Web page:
Qualitative vs quantitative question types
As we’ve noted, surveys are one of the data collection methods suitable for both quantitative and qualitative research. Depending on the types of questions you choose to include, you can generate qualitative and quantitative data. Here we have summarised some of the survey question types you can use for each purpose.
Qualitative data survey questions
There are fewer survey question options for collecting qualitative data, since they all essentially do the same thing – provide the respondent with space to enter information in their own words. Qualitative research is not typically done with surveys alone, and researchers may use a mix of qualitative methods. As well as a survey, they might conduct in depth interviews, use observational studies or hold focus groups.
Open text ‘Other’ box (can be used with multiple choice questions)
Text box (space for short written answer)
Essay box (space for longer, more detailed written answers)
Quantitative data survey questions
These questions will yield quantitative data – i.e. a numerical value.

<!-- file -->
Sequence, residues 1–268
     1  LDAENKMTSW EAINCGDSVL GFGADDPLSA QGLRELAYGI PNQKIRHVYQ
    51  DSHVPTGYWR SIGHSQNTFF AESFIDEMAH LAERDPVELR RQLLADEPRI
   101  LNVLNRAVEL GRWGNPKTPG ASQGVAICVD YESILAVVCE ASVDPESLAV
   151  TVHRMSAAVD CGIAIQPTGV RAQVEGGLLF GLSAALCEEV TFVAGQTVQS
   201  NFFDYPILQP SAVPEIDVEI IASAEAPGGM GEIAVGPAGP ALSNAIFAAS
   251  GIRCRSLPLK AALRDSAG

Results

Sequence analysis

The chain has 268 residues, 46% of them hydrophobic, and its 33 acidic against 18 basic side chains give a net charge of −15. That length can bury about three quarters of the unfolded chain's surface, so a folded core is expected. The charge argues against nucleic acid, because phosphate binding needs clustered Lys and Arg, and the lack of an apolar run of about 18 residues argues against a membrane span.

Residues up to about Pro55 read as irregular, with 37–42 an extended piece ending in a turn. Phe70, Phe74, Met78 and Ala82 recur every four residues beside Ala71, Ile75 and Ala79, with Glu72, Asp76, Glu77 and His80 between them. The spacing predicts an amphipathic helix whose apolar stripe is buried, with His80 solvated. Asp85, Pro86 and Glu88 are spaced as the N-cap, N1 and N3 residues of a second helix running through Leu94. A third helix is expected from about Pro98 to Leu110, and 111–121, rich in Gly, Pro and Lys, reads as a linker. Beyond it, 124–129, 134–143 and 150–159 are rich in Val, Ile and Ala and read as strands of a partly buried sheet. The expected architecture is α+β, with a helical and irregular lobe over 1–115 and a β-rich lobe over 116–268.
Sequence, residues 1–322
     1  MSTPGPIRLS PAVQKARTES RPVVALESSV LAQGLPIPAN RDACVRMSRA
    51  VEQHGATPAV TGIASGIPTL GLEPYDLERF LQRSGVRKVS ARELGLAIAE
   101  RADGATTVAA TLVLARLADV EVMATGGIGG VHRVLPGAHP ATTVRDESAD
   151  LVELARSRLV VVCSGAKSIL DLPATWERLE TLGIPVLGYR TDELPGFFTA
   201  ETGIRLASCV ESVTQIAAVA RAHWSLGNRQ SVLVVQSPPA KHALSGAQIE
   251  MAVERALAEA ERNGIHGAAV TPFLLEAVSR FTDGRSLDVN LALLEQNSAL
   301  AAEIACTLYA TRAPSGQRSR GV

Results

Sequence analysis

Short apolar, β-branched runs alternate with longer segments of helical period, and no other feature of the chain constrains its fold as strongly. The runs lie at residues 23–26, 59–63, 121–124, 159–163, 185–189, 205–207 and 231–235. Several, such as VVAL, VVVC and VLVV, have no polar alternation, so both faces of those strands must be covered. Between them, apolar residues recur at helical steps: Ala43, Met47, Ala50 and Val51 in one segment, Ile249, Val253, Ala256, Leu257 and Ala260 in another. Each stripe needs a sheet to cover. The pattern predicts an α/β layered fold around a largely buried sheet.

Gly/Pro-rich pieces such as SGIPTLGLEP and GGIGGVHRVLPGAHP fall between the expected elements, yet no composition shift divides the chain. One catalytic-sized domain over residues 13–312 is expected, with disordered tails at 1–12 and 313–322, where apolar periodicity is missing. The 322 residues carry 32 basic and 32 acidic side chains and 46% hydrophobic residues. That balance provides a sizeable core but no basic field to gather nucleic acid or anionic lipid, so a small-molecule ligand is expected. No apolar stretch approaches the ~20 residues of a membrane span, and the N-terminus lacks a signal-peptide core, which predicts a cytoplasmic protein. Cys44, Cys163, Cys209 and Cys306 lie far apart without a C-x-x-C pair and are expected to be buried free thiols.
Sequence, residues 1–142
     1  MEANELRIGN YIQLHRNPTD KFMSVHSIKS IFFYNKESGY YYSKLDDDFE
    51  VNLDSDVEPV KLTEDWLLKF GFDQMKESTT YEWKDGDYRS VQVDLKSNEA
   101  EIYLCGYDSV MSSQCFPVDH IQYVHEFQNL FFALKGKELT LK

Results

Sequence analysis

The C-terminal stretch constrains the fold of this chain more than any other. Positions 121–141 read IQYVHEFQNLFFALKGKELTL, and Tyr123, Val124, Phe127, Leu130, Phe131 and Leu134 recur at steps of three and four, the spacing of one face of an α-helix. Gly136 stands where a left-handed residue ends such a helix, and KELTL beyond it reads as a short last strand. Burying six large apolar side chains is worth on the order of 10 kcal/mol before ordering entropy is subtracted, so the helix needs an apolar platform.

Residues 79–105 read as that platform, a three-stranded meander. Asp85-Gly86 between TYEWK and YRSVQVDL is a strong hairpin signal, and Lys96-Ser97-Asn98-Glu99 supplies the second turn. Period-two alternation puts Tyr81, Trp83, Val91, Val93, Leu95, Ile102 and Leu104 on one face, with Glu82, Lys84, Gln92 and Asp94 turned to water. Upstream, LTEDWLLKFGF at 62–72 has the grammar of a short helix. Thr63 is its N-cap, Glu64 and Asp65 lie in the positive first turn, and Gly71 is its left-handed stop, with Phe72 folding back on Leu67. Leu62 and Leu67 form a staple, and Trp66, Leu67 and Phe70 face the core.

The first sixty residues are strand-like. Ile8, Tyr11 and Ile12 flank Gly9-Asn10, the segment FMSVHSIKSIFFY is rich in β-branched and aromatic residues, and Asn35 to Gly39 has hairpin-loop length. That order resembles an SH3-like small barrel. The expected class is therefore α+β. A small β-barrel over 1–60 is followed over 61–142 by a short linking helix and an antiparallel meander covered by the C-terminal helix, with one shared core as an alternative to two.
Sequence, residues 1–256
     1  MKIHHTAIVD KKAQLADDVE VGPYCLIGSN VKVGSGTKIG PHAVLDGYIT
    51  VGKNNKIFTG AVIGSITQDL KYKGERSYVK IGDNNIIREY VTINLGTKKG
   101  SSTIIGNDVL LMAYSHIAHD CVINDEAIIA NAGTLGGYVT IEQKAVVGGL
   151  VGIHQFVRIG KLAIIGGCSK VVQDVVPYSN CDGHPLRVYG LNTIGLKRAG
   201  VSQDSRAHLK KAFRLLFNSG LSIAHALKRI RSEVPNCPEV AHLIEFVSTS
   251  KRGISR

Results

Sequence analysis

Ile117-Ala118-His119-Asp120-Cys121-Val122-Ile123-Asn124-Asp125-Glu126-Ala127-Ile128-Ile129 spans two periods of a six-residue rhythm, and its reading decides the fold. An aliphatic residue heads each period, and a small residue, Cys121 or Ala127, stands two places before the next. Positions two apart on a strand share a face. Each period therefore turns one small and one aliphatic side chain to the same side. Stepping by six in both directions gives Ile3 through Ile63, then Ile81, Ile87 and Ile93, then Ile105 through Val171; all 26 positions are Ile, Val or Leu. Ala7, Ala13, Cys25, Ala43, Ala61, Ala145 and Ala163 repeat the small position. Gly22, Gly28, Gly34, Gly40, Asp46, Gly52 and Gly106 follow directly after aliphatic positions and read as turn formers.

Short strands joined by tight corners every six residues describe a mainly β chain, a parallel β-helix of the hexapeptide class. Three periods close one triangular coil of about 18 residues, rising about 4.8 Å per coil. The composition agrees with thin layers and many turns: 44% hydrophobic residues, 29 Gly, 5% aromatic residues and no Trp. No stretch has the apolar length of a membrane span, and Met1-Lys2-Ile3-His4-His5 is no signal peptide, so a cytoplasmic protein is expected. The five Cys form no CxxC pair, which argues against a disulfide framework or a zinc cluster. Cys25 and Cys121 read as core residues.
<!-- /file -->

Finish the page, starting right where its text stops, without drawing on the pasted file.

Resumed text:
Net Promoter Score (NPS)
Radio buttons (respondents choose just one option)
Check boxes (respondents can choose multiple options)
Analysing data (quantitative or qualitative) using technology
We are currently at an exciting point in the history of qualitative analysis. Digital analysis and other methods that were formerly exclusively used for quantitative data are now used for interpreting non numerical data too.
Artificial intelligence programs can now be used to analyse open text, and turn qualitative data into structured and semi structured quantitative data that relates to qualitative data topics such as emotion and sentiment, opinion and experience.
Research that in the past would have meant qualitative researchers conducting time-intensive studies using analysis methods like thematic analysis can now be done in a very short space of time. This not only saves time and money, but opens up qualitative data analysis to a much wider range of businesses and organisations.
The most advanced tools can even be used for real-time statistical analysis, forecasting and prediction, making them a powerful asset for businesses.
Qualitative or quantitative – which is better for data analysis?
Historically, quantitative data was much easier to analyse than qualitative data. But as we’ve seen, modern technology is helping qualitative analysis to catch up, making it quicker and less labor-intensive than before.
That means the choice between qualitative and quantitative studies no longer needs to factor in ease of analysis, provided you have the right tools at your disposal. With an integrated platform like Qualtrics, which incorporates data collection, data cleaning, data coding and a powerful suite of analysis tools for both qualitative and quantitative data, you have a wide range of options at your fingertips.